Spider-Man Into the Spider-Verse

Spider-Man: Into the Spider-Verse to take "huge risks" with visual storytelling

Contributed by
Jul 13, 2018

After a rip-roaring, comic-tastic trailer for the upcoming Spider-Man animated film Spider-Man: Into the Spider-Verse (one featuring Spider-Gwen, Mile Morales, and more), Phil Lord and Chris Miller’s first foray into superherodom (if you don’t count LEGO Batman) had plenty of buzz. Now star Shameik Moore, who voices Morales, is explaining how he got the role and how this Spider-Man may be different than those raised on Peter Parker might expect.

In an interview with EW, Moore said that “This power is kind of handed to [Miles] when he’s not really looking for more responsibility. That phrase — ‘with great power comes great responsibility’ — it means the same thing, but it comes from a different place with this Spider-Man.” Morales is a mixed-race, Brooklyn-born 13-year-old who’s never had a feature film centered on his story. That means there’ll be a learning curve for the character who exists in the same universe as Peter Parker (voiced here by Jake Johnson).

“Everybody has a purpose and a reason and a place,” Moore said. “I think that’s what [Miles’s] conflict is — finding his place. He’s like, ‘If there’s Peter, then how do I be Spider-Man? Can you teach me? How do I do this?'” Finding that mentor in Parker is important, but so is finding it in his own family.

“He’s got both his parents alive,” Miller quips about Morales. “Which doesn’t sound like much, but that’s very unique to Spider-People.” Moore, who was invited to audition after appearing in the Sundance hit Dope, has his father played by Brian Tyree Henry and his uncle played by Mahershala Ali. It’s a family affair - even when taking down Liev Schreiber’s Kingpin.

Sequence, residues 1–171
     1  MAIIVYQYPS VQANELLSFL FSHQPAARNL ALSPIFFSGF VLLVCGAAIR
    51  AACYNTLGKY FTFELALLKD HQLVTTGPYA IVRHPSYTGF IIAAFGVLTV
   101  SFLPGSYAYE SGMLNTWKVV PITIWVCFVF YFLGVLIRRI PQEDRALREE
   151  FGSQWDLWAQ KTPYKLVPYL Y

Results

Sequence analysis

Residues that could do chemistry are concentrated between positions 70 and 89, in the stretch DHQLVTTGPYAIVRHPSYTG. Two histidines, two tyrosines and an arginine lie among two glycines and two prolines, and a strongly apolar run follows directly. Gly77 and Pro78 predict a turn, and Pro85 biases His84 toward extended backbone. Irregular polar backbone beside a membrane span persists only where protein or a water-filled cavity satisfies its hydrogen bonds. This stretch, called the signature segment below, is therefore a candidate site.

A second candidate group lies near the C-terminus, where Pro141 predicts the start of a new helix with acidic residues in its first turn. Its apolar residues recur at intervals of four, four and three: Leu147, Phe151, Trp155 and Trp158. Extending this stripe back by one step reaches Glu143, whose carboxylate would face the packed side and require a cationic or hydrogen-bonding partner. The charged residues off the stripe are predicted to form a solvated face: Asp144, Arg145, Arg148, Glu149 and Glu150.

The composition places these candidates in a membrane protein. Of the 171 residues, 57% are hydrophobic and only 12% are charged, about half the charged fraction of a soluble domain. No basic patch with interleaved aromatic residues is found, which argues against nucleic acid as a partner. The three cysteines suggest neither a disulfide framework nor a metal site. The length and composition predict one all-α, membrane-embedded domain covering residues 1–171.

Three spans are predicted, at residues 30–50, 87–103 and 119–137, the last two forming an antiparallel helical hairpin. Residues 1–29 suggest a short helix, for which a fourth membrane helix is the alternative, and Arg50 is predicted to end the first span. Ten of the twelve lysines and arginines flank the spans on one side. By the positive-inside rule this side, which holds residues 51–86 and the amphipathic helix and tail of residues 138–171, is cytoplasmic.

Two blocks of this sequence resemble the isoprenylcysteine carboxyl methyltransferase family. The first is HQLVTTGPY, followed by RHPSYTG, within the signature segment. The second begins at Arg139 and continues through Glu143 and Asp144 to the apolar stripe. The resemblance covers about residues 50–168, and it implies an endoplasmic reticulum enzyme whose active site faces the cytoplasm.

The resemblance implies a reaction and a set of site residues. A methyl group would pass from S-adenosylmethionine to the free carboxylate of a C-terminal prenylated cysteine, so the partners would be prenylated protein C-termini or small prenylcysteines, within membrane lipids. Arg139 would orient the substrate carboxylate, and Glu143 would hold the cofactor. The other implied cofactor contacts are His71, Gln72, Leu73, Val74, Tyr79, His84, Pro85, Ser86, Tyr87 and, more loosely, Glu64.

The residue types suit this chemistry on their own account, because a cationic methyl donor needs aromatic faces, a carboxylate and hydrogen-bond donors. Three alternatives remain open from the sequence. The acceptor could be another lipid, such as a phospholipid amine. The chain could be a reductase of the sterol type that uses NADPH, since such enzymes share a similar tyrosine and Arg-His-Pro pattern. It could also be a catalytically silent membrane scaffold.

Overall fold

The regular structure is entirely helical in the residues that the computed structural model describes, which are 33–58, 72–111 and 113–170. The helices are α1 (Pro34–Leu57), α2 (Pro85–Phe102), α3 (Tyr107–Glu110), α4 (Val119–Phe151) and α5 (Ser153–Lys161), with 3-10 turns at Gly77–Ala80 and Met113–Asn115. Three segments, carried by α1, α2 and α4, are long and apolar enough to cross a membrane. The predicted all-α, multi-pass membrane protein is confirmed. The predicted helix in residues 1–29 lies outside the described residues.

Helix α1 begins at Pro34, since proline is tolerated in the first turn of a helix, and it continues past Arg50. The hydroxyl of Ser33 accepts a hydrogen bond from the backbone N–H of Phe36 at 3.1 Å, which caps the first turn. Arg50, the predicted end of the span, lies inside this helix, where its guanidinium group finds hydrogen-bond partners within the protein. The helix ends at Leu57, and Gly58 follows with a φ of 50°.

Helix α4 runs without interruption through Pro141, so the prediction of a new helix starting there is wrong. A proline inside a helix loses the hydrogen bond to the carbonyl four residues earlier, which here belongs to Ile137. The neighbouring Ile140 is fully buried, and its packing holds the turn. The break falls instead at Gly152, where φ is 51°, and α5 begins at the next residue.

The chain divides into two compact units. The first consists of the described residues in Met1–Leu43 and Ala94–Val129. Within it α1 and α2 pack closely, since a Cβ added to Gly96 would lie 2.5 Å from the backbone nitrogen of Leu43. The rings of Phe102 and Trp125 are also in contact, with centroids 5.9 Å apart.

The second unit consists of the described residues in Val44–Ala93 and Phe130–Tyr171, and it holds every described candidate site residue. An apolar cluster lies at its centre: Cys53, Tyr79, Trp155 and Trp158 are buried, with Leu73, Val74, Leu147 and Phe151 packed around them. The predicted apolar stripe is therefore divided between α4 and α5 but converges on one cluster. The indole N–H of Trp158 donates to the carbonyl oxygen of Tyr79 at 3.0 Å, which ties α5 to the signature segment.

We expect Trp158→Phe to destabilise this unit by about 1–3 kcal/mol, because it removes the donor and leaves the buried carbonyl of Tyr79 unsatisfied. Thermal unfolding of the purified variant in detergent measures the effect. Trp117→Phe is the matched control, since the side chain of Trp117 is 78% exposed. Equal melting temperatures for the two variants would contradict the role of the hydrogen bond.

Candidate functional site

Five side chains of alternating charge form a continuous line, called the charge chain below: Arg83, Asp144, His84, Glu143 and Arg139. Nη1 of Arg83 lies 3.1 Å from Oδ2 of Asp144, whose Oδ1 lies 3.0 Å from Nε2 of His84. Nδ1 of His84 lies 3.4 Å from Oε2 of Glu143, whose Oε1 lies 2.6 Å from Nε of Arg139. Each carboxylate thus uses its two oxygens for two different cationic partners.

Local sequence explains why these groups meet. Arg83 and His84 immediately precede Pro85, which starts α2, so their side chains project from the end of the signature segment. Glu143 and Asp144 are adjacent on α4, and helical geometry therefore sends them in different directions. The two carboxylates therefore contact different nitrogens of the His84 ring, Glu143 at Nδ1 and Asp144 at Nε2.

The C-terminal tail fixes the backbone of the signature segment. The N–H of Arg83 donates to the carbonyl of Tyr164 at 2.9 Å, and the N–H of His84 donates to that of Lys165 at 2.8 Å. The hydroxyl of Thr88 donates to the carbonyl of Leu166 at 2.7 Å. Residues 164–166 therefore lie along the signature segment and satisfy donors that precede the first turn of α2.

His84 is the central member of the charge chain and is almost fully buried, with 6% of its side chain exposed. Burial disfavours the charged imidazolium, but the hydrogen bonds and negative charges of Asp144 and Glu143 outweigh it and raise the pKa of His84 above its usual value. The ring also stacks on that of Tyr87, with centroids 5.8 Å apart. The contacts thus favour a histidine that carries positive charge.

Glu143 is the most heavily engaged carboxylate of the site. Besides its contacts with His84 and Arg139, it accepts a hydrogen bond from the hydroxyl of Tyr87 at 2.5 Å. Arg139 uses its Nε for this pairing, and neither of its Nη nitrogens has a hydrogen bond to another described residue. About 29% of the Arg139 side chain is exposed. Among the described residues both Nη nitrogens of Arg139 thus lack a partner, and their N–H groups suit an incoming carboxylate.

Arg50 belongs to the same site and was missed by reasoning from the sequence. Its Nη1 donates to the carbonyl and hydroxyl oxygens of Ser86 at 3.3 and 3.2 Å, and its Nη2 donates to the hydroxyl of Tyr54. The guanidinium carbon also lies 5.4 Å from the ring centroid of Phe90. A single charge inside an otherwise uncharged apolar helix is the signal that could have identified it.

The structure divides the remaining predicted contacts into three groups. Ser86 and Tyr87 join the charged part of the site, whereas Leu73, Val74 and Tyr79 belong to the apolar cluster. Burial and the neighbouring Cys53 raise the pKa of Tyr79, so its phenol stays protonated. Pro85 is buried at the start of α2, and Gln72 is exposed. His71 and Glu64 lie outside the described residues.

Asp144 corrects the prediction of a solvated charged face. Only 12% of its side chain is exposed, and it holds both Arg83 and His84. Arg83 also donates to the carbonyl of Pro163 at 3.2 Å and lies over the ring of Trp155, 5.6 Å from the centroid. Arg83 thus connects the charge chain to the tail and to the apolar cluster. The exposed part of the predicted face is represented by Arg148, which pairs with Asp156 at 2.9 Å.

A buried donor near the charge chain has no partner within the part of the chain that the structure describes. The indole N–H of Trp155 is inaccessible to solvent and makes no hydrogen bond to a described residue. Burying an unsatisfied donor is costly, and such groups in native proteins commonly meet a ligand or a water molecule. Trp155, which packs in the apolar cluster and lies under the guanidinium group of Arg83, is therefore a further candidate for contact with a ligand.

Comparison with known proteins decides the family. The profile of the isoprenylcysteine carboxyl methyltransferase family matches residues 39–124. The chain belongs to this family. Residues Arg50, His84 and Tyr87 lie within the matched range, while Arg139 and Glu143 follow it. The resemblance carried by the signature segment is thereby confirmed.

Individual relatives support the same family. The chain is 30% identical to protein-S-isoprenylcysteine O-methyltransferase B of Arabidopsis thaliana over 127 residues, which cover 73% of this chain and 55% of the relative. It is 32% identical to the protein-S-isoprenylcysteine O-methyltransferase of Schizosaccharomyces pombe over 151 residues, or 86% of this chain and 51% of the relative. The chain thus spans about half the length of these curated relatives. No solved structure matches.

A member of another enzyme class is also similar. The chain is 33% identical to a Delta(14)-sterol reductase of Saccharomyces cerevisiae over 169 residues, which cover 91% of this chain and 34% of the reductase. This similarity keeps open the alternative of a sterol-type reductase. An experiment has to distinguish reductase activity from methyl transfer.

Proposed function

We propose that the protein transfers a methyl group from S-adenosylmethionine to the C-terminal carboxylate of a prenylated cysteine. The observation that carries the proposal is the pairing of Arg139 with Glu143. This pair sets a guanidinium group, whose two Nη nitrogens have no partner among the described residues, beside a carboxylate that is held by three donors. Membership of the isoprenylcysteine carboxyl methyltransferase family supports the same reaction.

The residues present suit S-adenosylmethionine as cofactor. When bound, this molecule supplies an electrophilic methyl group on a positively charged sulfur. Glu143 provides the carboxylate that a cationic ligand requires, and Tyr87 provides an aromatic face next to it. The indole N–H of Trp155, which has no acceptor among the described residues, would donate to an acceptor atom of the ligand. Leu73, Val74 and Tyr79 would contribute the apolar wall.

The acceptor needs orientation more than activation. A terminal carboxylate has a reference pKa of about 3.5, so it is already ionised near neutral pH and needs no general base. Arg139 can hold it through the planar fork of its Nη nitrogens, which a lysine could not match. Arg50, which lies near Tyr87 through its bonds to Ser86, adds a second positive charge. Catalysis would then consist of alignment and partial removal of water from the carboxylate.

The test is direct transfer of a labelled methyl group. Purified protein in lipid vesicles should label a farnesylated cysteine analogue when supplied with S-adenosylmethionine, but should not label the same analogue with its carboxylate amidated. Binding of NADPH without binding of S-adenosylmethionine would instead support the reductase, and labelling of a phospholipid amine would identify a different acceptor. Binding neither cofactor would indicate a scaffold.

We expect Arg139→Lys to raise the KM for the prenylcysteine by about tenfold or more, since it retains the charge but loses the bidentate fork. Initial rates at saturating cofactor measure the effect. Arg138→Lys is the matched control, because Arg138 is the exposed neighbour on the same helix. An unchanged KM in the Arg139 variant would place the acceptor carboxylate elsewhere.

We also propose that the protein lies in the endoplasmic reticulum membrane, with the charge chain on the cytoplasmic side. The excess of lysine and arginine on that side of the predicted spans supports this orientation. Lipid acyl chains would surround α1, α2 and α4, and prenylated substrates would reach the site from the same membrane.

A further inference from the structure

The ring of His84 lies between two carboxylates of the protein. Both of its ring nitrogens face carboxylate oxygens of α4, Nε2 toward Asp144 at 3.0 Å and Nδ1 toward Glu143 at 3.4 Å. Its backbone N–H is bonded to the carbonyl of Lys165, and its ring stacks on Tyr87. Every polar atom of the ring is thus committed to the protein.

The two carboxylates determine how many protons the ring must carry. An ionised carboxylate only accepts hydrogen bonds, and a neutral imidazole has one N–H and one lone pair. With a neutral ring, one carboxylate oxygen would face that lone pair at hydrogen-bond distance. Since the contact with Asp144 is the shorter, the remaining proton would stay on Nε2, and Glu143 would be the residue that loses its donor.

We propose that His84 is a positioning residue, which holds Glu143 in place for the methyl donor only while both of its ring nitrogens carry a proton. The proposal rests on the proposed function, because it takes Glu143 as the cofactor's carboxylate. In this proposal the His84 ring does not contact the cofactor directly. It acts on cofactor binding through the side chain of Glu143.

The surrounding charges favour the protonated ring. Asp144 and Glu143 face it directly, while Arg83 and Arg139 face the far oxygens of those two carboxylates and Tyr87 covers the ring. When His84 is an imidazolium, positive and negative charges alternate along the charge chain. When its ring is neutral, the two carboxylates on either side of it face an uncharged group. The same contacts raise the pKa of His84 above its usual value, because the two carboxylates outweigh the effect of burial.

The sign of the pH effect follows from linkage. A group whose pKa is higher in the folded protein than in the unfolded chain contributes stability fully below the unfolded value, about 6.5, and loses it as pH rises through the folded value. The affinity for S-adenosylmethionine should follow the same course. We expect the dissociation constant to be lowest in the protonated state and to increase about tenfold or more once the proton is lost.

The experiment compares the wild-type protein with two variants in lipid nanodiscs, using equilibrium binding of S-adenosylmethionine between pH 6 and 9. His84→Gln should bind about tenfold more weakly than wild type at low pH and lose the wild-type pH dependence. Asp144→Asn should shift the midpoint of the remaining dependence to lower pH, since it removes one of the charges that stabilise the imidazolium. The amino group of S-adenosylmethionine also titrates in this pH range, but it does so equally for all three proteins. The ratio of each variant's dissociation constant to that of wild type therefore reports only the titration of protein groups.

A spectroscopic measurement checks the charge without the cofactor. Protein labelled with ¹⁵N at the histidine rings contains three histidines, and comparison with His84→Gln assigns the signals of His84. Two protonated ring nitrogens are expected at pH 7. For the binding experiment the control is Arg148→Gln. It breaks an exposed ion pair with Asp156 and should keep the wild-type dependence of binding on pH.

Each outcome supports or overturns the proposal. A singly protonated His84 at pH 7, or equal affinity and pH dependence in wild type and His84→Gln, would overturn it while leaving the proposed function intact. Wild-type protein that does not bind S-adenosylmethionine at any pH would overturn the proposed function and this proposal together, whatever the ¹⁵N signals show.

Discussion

Commenting on why Into the Spider-Verse is an animated film, Lord said that “because it’s like the 19th Spider-Man movie, it forces you to make different choices than everybody else.” That factors into the sound balloons exploding around the superheroes and the panel-esque action. “The idea was: Let’s make a movie that feels like you’re walking into an immersive comic book,” Miller said. Following a film template closer to Scott Pilgrim vs. The World than The Avengers, this could be the perfect fit for the younger, cooler Spider-Man.

“A big franchise can either back you into safe choices or it can give you the opportunity to take huge risks,” Lord said. “And that risk version was what was intriguing to us.”

The Spider-Verse opens up to all webslingers when it hits theaters on Dec. 14.

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